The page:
Take Daniel Olúmúyìwá Thomas, for instance – a man taken forcibly from his hometown in Ilesha while he was eight years old, and sold into slavery. His baptismal name, Daniel, and his adopted last name, Thomas, were names adopted in slavery. According to the account of his grandson in an authorized biographical book This Bitch of a Life (Carlos Moore, 2001), Felá Anikulapo Kútì narrated how, after being set free as a grown man, along with other returning slaves, Thomas embarked on a journey (most likely on foot) to return to his home village. He entered what is now Nigeria, but decided – on reaching Abeokuta – that he was no longer interested in making the rest of the journey (most likely just a few days more) to Ilesha. He settled in Abeokuta where he married and gave birth to modern Nigeria’s famous woman: Olúfúnmiláyọ̀ Ransome Kúti (born: 1900).

Another famous returnee from Sierra Leone was Andrew Desalu Wihelm, an evangelist and translator who – on discovering a chance to bring the CMS mission to Abeokuta, his home town, after spending most of his post-slavery adult life resettled in Sierra Leone, jumped at it. Along with Henry Townsend, a European Missionary, he returned to Abeokuta to preach the gospel and lay the foundation of the country’s very first church at Aké. But not all returnees became famous, nor did they all contribute in the same manner and form to the development of the new country, though many did become quite notable. A number of other returnees settled in many other parts of Nigeria, notably on Lagos Island, bearing names like Williams, Pinheiro, DaSilva, Savage, Lewis, Thomas, Crowther, Macaulay, George, Moloney, Boyle, Berkley, etc.

WP_20140410_056It is interesting, for me at least, to realize that around 1863, while the colonial government in Nigeria was consolidating its hold on their newly found colony, trying to settle the number of inter-tribal wars threatening to set the colony on fire, Abraham Lincoln, many miles across the sea was preparing his Emancipation Proclamation to set free 3.1 million (out of about 4 million) black people who, over three hundred years before, had become entrenched into the system of slavery. About twenty-three to thirty percent of those people, according to different estimates, came from Nigeria. We don’t know how many of those came from Abeokuta, but the legacy of wars around Yorùbá kingdoms during those times, and the proximity of South Western Nigeria to the Atlantic Ocean gives us an idea of the mix of people who today define the African American population.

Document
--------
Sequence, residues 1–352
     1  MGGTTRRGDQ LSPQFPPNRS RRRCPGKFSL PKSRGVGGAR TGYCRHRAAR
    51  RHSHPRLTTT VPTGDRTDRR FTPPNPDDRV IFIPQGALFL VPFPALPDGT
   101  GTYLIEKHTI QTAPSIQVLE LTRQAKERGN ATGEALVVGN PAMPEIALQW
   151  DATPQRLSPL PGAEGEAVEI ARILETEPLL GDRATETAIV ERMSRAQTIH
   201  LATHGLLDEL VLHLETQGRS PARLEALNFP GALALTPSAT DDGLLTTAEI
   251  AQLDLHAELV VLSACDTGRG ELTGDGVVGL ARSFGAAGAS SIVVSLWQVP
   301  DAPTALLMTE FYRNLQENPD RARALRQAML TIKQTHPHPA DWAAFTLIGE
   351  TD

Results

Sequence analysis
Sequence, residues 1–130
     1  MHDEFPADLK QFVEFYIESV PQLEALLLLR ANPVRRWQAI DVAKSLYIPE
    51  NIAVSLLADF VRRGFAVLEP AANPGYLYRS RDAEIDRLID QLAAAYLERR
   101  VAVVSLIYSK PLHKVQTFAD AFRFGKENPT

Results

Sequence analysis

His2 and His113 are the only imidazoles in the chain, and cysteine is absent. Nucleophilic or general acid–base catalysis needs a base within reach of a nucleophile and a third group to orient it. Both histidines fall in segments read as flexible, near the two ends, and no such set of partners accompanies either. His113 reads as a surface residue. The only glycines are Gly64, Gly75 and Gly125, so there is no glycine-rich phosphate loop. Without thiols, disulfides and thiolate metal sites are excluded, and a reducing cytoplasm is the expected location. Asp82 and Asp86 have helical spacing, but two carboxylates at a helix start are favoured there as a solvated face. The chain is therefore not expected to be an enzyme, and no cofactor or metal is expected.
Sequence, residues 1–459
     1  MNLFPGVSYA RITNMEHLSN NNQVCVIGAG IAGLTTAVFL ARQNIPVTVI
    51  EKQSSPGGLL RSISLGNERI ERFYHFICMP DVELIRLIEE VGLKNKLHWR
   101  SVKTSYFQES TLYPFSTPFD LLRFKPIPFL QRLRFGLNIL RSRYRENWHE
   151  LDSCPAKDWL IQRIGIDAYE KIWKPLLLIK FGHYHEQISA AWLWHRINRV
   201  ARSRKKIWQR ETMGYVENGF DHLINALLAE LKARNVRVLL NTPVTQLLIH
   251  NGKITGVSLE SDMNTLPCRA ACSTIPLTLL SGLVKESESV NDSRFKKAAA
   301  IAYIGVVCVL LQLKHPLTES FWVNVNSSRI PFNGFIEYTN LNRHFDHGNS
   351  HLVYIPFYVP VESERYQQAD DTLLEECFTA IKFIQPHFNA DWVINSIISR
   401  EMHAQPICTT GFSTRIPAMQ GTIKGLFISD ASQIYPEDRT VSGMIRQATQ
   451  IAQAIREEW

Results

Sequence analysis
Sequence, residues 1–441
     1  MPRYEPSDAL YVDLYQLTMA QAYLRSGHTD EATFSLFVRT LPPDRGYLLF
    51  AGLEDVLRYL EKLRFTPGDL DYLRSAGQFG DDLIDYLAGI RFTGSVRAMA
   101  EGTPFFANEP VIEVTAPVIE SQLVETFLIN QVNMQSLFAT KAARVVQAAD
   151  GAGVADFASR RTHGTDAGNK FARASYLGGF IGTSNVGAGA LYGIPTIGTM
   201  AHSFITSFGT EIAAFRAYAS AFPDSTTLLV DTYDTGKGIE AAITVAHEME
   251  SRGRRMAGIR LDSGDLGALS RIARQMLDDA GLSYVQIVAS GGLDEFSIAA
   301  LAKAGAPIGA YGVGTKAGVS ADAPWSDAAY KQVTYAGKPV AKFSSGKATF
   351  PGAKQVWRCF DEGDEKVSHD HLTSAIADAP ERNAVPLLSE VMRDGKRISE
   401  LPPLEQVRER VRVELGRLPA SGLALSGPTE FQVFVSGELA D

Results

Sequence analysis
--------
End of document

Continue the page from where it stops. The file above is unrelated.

…and the Caribbean population.

In one famous chapter in Wole Soyinka’s definitive memoir You Must Set Forth at Dawn, the author found himself in a country town in Westmoreland, Jamaica, named Bẹ́kuta. Surprised at the close proximity of the town’s name to his own hometown Abẹ́òkutahe asked around. The town, like the author’s own hometown was surrounded by huge rocks in all places. After having run out of luck with the local population of young and modern citizens with no care in the world for why anyone would care about an old name, he eventually ran into an old woman who remembered why it was so called. The first residents of the town – freed slaves who worked as indentured workers – felt that only one name captured this place that reminded them of where they (or their ancestors) were captured from: Abẹ́òkuta, or later, Abẹ́kuta, and eventually Bẹ́kuta (and later, Kuta), all meaning the same thing: the town under the rocks. When the author returned to the town, the woman had died and no one else in the town had any memory of the stories from which the town’s name came. (A cursory online search shows that the memory of the story actually survived.)

Visiting the original Abeokuta today, with nothing much left but a rustic town, a few colonial and traditional landmarks, and the tour guides from every step towards the summit of the Olúmọ Rock telling where the town has been, one walks again in the corridors of living history. The rock lies there still, in stoic silence, a witness to all that had transpired for centuries before. All the other connections are there in plain (and rock) sight.


All photos courtesy of the blogger. 

Edit (15th September, 2015): I’ve fixed some of the dead links in the post by referring to earlier instances of the articles via the WayBackMachine.

Update (13th October, 2015): This piece was recently “highly commended” at the 2015 CNN/Multichoice African Journalist Awards.

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The Church at Abeokuta

WP_20140410_072WP_20140410_080WP_20140410_069WP_20140410_081WP_20140410_073WP_20140410_079WP_20140410_085WP_20140410_068WP_20140410_076WP_20140410_083The Cathedral of St. Peter at Ake, Abeokuta, is the oldest church in Ake, the oldest church in Abeokuta, the oldest church in Western Nigeria, and – due to the proximity of the town to the Atlantic Ocean and the coming of the first missionaries – the oldest church in all of Nigeria. Built reportedly in 1898, it served as a rallying ground for a number of initial missionaries to Abeokuta many of who played other roles in the government of indirect rule between the Crown in England and the chiefs in Egbaland. The foundation of the church was laid by one Reverend Andrew Desalu Wihelm around 1846, and completed during the time of Henry Townsend.